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The odd history of our gender-separated public bathrooms

Debate is raging in North Carolina and around the country about public restrooms and gender identity.
Debate is raging in North Carolina and around the country about public restrooms and gender identity.

A national civil war has erupted over gender-separated public bathrooms.

Defenders of tradition say it’s been that way forever and there’s no need to go changing the rules for the few transgender folks who feel uncomfortable. Progressive activists say transgender women are placed at risk by current norms requiring people to use the restroom corresponding to the gender on their birth certificate, rather than the one fitting the gender with which they identify.

An interesting article on Livescience.com sheds some historical light on the evolution of gender politics surrounding public restrooms in western society. Here are a few points to ponder:

▪ Ancient Rome had multi-seat bathrooms where people sat side-by-side without partitions.

▪ Western nations’ public restrooms were male-only until the Victorian era. Women had to make do, sometimes urinating in gutters.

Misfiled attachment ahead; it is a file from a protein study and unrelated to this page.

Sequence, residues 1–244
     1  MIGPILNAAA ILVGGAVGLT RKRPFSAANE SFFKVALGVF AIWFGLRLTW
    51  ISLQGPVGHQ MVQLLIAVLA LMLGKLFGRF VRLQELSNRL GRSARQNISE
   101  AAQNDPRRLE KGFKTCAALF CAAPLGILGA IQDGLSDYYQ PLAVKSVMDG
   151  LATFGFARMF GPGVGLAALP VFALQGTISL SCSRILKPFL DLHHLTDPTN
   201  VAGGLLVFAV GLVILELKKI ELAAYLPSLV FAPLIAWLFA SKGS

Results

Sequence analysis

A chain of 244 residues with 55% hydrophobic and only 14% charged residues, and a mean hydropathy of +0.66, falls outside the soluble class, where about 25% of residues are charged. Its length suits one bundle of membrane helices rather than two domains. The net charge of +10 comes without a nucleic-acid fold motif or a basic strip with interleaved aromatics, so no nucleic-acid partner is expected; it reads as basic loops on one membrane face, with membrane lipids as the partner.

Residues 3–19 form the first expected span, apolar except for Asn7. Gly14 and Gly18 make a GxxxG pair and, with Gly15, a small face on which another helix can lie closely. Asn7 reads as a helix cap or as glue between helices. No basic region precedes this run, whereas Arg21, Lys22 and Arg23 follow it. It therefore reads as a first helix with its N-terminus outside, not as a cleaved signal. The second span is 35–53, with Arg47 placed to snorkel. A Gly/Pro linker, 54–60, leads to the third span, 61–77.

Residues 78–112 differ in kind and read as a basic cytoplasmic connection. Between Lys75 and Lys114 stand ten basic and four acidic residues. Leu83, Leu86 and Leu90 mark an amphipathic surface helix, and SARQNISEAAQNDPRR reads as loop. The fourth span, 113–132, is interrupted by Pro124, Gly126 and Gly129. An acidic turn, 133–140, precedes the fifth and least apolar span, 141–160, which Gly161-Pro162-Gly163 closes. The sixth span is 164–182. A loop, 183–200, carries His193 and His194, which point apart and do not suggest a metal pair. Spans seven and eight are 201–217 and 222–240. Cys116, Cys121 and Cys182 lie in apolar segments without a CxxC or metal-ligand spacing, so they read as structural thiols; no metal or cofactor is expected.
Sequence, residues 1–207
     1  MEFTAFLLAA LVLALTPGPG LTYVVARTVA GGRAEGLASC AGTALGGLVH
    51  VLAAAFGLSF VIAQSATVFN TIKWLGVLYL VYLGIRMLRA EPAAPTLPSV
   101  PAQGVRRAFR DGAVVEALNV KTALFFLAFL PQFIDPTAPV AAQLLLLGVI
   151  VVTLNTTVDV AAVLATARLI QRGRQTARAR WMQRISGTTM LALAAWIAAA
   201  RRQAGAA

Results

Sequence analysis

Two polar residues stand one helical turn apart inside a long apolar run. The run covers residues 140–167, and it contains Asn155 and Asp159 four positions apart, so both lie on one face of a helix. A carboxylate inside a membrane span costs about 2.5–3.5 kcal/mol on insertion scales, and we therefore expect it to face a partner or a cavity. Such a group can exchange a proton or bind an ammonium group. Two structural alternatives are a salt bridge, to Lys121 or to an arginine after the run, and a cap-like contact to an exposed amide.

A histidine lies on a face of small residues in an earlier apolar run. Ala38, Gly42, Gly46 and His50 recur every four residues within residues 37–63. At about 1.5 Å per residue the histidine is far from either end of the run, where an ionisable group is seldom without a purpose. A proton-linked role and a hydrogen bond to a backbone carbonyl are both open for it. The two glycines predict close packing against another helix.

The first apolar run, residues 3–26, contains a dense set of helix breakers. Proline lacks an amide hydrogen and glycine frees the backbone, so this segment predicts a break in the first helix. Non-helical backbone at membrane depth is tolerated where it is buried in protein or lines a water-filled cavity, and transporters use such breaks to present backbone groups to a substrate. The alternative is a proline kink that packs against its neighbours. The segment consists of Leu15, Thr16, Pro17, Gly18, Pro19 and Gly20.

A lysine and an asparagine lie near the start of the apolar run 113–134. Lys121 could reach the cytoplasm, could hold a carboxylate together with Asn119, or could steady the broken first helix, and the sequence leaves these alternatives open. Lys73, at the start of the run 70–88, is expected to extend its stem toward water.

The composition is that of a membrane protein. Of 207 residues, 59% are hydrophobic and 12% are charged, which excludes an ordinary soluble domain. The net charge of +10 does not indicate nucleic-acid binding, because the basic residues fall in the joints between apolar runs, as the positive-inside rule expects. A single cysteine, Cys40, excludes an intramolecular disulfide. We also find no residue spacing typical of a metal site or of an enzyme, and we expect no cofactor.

▪ The first gender-segregated public bathroom on record occurred at a ball in Paris in 1739 – and people thought it was “eccentric and fun.”

▪ Massachusetts passed an 1887 law requiring workplaces that employed women to have restrooms for them, and by the 1920s such laws were commonplace.

The tradition of gender-separated bathrooms is long-standing. But it would be a mistake to say it’s always been this way, or that our ideas about bathrooms, privacy and gender haven’t evolved over the centuries. --Eric Frazier

 

North Carolina repealed HB2 in 2017 but left intact some of its provisions. But with Charlotte’s reputation tainted, the city is still paying to market itself to visitors.

 

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